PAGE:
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Threats to Pedestrian Safety

Posted on Apr 21, 2017 by in Pedestrian Safety | 0 comments

Threats to Pedestrian Safety

Car accidents, more often than not, are due to the negligent or reckless behavior of drivers, making these totally preventable incidents. Thus, if a driver fails to observe safety traffic rules, such as fail to respect traffic signal lights, drive recklessly, drive while intoxicated or allow distraction to get the better of him/her while behind the wheel, then him/her colliding with another motor vehicle, or hitting a bicyclist or a pedestrian is not a remote possibility.

The concerted efforts of the National Highway Traffic Safety Administration (NHTSA) and car manufacturers have led to the research, design, manufacture and installation of the latest devices that will make the streets safer for all motorists and, most especially, pedestrians. These devices, aptly called accident avoidance technologies, are designed to keep drivers from crashing into anything or anyone.

As a result, there are cars now installed with two of the latest accident avoidance devices, namely, the Pedestrian and Cyclist Detection with Full Auto Brake and the Forward Collision Warning System. While these devices enable the full activation of a car’s brakes even without driver input, there are other safety devices that can only slow down a vehicle (to reduce the force of impact), still leaving to the driver the need to bring his/her vehicle to a full stop.

According to the Centers for Disease Control and Prevention (CDC) and the Governors Highway Safety Association (GHSA), 4,884 people were killed in pedestrian accidents in 2014 (these accidents involved pedestrian and motor vehicles), while the numbered of those injured was 65,000.

Latest road safety reports, unfortunately, show that cars are no longer the only threat to pedestrians. Every year, based on a study using hospital coding data, about 1,000 pedestrians are hit, not by cars, but by bicyclist – accidents resulting to injuries that necessitate medical treatment in a hospital. Some injuries, however, lead to death, like in the case of a 75-year-old teacher who was struck by a 17-year old bicyclist as he swerved into the running lane to avoid something. Due to the injuries he sustained, the 75-year old man died two days after the accident; the accident occurred in Central Park one afternoon in August 2014.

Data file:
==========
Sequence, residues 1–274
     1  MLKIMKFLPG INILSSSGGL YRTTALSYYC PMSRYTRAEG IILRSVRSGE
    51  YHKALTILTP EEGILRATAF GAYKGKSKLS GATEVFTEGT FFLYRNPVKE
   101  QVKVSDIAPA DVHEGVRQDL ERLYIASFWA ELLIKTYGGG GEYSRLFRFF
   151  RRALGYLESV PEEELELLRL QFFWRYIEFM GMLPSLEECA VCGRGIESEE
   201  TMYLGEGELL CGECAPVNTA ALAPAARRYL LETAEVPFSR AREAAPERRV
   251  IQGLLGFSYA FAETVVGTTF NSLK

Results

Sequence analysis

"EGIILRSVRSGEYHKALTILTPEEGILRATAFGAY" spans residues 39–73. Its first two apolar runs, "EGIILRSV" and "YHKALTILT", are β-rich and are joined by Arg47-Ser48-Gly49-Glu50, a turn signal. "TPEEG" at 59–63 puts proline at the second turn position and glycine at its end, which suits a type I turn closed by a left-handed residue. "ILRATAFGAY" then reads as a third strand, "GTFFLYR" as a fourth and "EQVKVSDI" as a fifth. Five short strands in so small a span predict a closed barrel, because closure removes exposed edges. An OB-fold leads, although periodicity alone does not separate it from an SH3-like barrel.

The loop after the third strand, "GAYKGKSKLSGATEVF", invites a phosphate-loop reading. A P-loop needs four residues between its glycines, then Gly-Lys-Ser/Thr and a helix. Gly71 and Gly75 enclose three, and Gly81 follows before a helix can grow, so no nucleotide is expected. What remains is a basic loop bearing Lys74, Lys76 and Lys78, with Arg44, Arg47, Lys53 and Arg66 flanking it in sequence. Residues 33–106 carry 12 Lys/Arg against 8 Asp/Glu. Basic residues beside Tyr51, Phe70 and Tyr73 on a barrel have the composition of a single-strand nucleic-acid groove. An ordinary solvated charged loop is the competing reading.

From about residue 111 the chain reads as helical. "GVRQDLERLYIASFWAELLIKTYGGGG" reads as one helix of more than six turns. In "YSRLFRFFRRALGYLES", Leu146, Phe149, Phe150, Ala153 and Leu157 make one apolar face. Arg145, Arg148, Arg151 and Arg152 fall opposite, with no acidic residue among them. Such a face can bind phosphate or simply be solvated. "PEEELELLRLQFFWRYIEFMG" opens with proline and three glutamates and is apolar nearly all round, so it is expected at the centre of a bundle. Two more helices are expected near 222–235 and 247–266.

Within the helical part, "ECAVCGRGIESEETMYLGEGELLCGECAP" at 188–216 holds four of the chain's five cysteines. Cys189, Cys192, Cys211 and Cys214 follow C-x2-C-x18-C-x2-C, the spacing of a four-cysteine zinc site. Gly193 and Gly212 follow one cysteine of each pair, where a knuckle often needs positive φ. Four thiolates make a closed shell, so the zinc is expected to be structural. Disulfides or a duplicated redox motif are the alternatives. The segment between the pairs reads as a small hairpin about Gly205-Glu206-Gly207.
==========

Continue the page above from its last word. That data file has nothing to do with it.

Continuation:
Kankakee car accident attorneys say, “Pedestrian accidents can result in anything from minor scrapes and bruises to the death of an accident victim. Some of the most common injuries that result from pedestrian accidents include: broken bones, head trauma, disfigurement, skin abrasions or burns, internal bleeding, or contusions and bruises.

You should be able to feel safe when you set out to cross the street, walk to your car in a parking lot, or send your children to school. When someone else takes that security away by hitting you or a loved one with a car (or even a bicycle), the consequences are often irreversible, and it is important that the responsible party is brought to justice for his/her actions.”

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